|Date and Place of Birth:||April 28, 1920 Espanola, Ontario Canada|
|Date and Place of Death:||February 7, 1944 Campo Verano, Italy|
|Military Unit:||18 (RAF) Squadron, Royal Canadian Air Force|
|Area Served:||Mediterranean Theater of Operations|
George Dean, the son of John and Christina Dean, was born in
Espanola, Ontario on April 28, 1920. The family moved to Pine Falls,
Manitoba in 1926. His father died in May 1937, so upon graduating from
Pine Falls High School he went to work for the Manitoba Paper Company.
Dean was well-known in Pine Falls for his sporting abilities. He was a shortstop with the local Rovers baseball team and played as a winger for the Rovers hockey team.
He enlisted with the Royal Canadian Air Force in May 1941 and trained as a bomber pilot at Yorkton, Brandon in Manitoba and Regina in Saskatchewan. He was awarded a gold bracelet for graduating from his class with the highest marks.
Dean was posted overseas in August 1942. He arrived in England in September was initially posted to the south coast. During further training he was stationed at Melton Mowbray, Leicestershire and later at Renfrew Aerodrome near Glasgow, Scotland. He was then assigned to active duty with 18 Squadron, RAF.
In October 1942, Pilot Officer Dean was sent to North Africa near Algiers, where he flew bombing missions on German targets in Tunisia. Later he was moved east to a field south of Tunis, Tunisia. From North Africa the squadron moved to Sicily and then on into Italy in October 1943.
On February 7, 1944, at 9.50pm, Dean was piloting a Douglas Boston III that left their base in Italy for a bombing raid over the roads north and east of Rome. They failed to return. George and his crew were reported missing on active service February 15, 1944. He was reported killed January 27, 1945.
The following is from a letter sent to Dean's mother on June 18, 1945, from Gordon Crawford, a member of Dean's crew, who spent the balance of the war in a POW camp.
Dear Mrs. Dean,
I expect you have been waiting patiently to hear from me to know exactly what happened to your son George. Well Mrs. Dean I feel it my duty to tell you the truth, as I’m sure you would want me to do, no matter how cruel it may seem.
In the first place we were shot down in very unfortunate circumstances. You may find it hard to believe but an American fighter mistook us for the enemy and although we recognized him, he failed to identify us and fired upon us and we burst into flames.
All the electrical equipment in our aircraft was shattered leaving us no form of communication with other members of the crew as in our particular aircraft each man has his own isolated cockpit affording no movement whatsoever.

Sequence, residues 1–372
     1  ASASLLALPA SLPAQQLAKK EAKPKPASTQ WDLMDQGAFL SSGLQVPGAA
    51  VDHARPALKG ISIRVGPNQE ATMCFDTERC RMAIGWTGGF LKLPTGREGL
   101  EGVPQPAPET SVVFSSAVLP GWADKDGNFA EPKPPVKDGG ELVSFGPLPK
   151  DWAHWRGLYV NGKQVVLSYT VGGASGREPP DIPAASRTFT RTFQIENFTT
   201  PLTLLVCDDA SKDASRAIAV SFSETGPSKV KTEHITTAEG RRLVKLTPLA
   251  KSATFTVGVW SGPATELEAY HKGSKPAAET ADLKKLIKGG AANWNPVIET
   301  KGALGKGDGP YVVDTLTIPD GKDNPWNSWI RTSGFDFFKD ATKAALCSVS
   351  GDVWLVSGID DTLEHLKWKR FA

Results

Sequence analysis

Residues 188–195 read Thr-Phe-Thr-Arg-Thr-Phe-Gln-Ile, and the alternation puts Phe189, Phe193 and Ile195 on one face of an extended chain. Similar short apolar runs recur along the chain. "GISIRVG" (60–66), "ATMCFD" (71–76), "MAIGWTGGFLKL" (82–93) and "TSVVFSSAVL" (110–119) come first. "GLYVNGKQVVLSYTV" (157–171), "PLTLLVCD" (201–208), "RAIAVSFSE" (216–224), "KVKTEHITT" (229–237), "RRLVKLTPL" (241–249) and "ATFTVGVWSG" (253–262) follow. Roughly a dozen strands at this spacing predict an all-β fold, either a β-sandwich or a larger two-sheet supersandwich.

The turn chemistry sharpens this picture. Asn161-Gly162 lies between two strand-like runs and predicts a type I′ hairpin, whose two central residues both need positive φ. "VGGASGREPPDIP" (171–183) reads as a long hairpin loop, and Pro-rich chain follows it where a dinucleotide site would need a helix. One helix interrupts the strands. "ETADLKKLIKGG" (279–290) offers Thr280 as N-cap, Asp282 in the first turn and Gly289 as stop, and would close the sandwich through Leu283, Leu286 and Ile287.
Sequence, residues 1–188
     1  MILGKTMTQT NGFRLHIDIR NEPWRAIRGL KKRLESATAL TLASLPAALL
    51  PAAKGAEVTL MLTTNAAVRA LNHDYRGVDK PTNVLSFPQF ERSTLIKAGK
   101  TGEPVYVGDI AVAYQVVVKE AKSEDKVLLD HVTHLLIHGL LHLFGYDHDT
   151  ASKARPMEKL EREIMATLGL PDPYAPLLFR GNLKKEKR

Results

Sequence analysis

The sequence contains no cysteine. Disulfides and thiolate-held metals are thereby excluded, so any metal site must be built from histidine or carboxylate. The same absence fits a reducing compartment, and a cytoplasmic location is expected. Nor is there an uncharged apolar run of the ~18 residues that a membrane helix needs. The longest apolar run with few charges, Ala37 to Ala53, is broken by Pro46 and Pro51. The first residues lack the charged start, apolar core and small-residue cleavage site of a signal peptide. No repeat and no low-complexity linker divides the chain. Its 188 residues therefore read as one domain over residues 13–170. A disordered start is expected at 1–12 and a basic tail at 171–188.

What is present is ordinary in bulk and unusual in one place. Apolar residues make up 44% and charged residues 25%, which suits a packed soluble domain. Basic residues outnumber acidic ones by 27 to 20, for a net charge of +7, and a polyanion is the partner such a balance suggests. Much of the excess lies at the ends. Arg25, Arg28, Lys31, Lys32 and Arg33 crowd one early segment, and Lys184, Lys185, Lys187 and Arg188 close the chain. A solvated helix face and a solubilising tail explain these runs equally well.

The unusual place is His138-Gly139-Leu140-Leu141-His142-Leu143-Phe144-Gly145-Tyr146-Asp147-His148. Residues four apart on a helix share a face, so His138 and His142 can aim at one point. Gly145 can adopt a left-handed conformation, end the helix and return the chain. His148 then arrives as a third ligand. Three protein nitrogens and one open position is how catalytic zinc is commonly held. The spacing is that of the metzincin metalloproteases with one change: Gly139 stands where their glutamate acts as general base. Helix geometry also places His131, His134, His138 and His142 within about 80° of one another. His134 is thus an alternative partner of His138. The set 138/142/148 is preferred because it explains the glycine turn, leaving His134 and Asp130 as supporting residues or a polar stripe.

I know for a fact that George tried to bale out but whether we were too low, as we were losing height rapidly, or whether his parachute had been improperly packed I cannot say, but when he was found his chute was only half opened. I am rather inclined to believe the former. I think he left it too late, to make sure we got out safely, doing what was in his power to keep the aircraft in the air as long as possible. Knowing your son as I did I feel sure that’s what happened. I can say this truly, that I owe my life to him and I shall never forget that. I know you must be very proud of him as we all were to have him as our “skipper”. We enjoyed every minute of his company and he was a great flyer, because he loved his job. His heart and soul were in everything he did and he was very popular with everyone on the squadron.
Now Mrs. Dean accept my heartfelt sympathy for your great loss, and if there is anything you would like to know or if there is anything I can do to lighten your burden please let me know and I will do all in my power to help you.
George Dean's body was recovered from the cemetery at Campo Verano, Italy, on January 27, 1945, and identified by his identity discs. His body was re-buried in plot E-4 in the Beach Head War Cemetery, Anzio, Italy.
"An interesting footnote," explains Dean's nephew, Michael Cavers, "is that the crash scene was seen by a teenage Italian boy who recovered a pair of flight goggles. In the early 1990s he decided to return them to the Canadian Ambassador in Italy as he had seen the Canadian patches on the dead airman. The goggles arrived in Ottawa and were sent to RCAF headquarters in Winnipeg. Flight Lieutenant Don Pearsons, in charge of air force history at the museum, noticed a couple of clear initials D E. He checked a book by Les Allison and under the Ds found George Dean. After some searching he was finally able to contact Mrs Anne Cavers of Pine Falls, George’s sister, who identified them by the service number. She requested that the goggles be displayed in the museum with a story of their recovery."
1938 Pine Falls Rovers (George Dean is front row, first left)
1938 Pine Falls Rovers (George Dean is front row, center)
Thanks to Michael Cavers for help with his uncle's biography and for supplying the photographs.
Date Added: February 6, 2013
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